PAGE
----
Friday, 13 May 2011 - Sea Ice for Walrus Outlook

Weekly Outlook

13 May 2011
Assessment of Current Ice Conditions Relevant to Distribution and Access of Walrus: 

Near St. Lawrence Island

The combination of strong southeast winds and 7-8 foot seas is eroding the shorefast ice along the south shore of St. Lawrence Island. However, as the southeast winds continue over the next few days, they will push what is left of the pack ice south of the island up against the coast. Satellite imagery shows the shorefast ice between Gambell and Savoonga breaking up. Heavy concentrations of 6-9 tenths (i.e., 60-90%) continue to exist east of Savoonga. The southeast winds are pushing the strings of sea ice just west of Gambell further to the northwest. These southerly winds are also bringing warm temperatures.

Wales to Shishmaref

The heavy concentration of large floes that were pushed up near the coast is now being pushed offshore by the southeast winds. This should increase the open water just offshore of the shorefast ice. Looking at a sequence of satellite sea ice images shows many of these floes shifting quickly northward through the Bering Strait. The southeast winds have fractured the ice in the southern Chukchi Sea. The shorefast ice off of Shishmaref continues to hold in place, however, the ice is now fractured with many leads.

5-10 Day Forecast

A developing low in the southeast Bering Sea will move to the northern Bering Sea by Saturday, 14 May. This will keep the pressure gradient tight with southeast winds generally greater than 25 knots through the weekend. Another low in the southeast Bering Sea will move eastward to the western tip of the Alaska Peninsula where it will weaken by Tuesday, 17 May. This will cause a shift in wind direction (to northeast) on Monday, 16 May. The low will then gain intensity and drift westward to the central Aleutians, finally weakening by Saturday, 21 May. This will result in a general relaxation of the winds over the Bering Sea through Monday, 23 May.

St. Lawrence Island wind direction and speed
Map of 10-day outlook of wind conditions
Bering Strait wind direction and speed

Arrows show wind direction and wind speed in knots

Remote Sensing Images

Bering Strait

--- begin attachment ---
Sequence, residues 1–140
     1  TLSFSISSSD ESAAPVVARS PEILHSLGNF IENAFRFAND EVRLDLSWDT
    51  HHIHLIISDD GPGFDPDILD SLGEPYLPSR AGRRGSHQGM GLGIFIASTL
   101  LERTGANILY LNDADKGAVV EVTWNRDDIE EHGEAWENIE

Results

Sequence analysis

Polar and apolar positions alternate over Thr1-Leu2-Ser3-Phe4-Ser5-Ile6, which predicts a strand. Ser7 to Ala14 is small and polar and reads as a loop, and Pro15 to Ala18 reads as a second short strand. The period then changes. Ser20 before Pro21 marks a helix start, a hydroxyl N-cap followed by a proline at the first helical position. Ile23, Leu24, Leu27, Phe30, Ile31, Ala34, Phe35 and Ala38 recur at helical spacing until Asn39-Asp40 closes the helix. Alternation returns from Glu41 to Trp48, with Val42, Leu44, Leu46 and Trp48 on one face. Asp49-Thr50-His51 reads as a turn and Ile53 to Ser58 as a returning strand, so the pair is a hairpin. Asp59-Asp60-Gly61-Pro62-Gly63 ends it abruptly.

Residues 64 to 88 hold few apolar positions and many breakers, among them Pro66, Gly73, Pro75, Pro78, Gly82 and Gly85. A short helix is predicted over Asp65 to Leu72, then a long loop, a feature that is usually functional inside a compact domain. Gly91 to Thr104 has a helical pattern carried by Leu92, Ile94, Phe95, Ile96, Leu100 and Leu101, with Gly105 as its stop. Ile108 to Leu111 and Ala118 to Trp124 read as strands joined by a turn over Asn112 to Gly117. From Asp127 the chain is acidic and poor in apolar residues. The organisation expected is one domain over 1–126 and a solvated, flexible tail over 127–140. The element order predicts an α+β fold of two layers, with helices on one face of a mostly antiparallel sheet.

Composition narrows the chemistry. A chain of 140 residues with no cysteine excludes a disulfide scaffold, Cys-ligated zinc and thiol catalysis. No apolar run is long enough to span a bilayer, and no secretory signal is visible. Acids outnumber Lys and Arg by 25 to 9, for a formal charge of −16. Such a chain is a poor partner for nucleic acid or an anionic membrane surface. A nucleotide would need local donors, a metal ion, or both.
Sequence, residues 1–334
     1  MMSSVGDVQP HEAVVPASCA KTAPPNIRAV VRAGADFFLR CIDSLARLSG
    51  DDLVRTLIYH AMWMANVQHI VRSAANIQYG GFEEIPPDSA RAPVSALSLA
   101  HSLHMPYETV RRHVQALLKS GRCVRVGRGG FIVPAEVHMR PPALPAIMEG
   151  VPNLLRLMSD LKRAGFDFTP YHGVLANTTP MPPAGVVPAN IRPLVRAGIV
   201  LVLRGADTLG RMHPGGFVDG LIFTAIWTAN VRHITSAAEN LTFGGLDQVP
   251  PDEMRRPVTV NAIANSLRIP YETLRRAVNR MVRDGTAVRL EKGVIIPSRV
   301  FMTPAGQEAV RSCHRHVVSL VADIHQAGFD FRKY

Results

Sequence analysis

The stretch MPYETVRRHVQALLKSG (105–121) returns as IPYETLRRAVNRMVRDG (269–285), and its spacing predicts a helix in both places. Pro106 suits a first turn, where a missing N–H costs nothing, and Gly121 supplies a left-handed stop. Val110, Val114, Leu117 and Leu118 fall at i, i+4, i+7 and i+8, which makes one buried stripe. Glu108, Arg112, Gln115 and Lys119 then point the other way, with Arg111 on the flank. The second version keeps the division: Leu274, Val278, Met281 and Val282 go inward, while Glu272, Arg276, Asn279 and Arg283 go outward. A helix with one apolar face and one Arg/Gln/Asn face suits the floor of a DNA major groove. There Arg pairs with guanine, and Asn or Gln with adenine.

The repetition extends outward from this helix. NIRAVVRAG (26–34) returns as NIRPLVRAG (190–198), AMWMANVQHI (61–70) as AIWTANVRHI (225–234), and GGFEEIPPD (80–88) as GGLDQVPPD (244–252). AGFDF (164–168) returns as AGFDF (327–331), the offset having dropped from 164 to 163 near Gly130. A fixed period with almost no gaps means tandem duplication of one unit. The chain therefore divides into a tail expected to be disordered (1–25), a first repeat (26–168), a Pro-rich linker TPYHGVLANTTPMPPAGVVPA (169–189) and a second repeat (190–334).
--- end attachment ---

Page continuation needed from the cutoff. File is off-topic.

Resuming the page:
Bering Strait Closeup
St. Lawrence Island Closeup

Observations and Comments

Observations of Sea Ice Development: 

13 May 2011 - Winton Weyapuk Jr.; local observer in Wales
Summary for week of 7-13 May.

Leads have been closed since the 7th with pack ice moving north with the current along the shorefast ice. Winds have varied from 10 - 40 mph from the southeast. Above-freezing temperatures during the past three days have begun slowly melting the snow cover on the shore fast ice.

13 May 2011 - Hajo Eicken; researcher, University of Alaska Fairbanks7 May 2011 Envisar satellite image, courtesy of Polarview/ESA7 May 2011 Envisar satellite image, courtesy of Polarview/ESA The radar satellite image (Envisat, courtesy of Polarview/ESA) for 7 May gives a nice overview of ice conditions in the region. Winds and currents have pushed ice over into the eastern part of the area of interest, with a band of ice moving through Bering Strait. As pointed out by Winton Weyapuk, this ice continues to limit access to leads from Wales.

Also, the satellite image shows that ice floes are much larger over in the eastern Bering Sea than the western. West of Gambell only very small floes strung out in long bands remained a week ago. Now, these bands are mostly dispersed or melted.

The landfast ice along the coast between Wales and Shishmaref is still kept in place by grounded ridges. However, the satellite image shown above for the Bering Strait also shows that ice pack is opening up north of the Strait, probably aided by inflow of warmer water from the south that helps keep the ice back. This warm water may also start melting back some of the ridges that keep the landfast ice extension offshore from Wales in place and will contribute to its decay and removal in the coming weeks.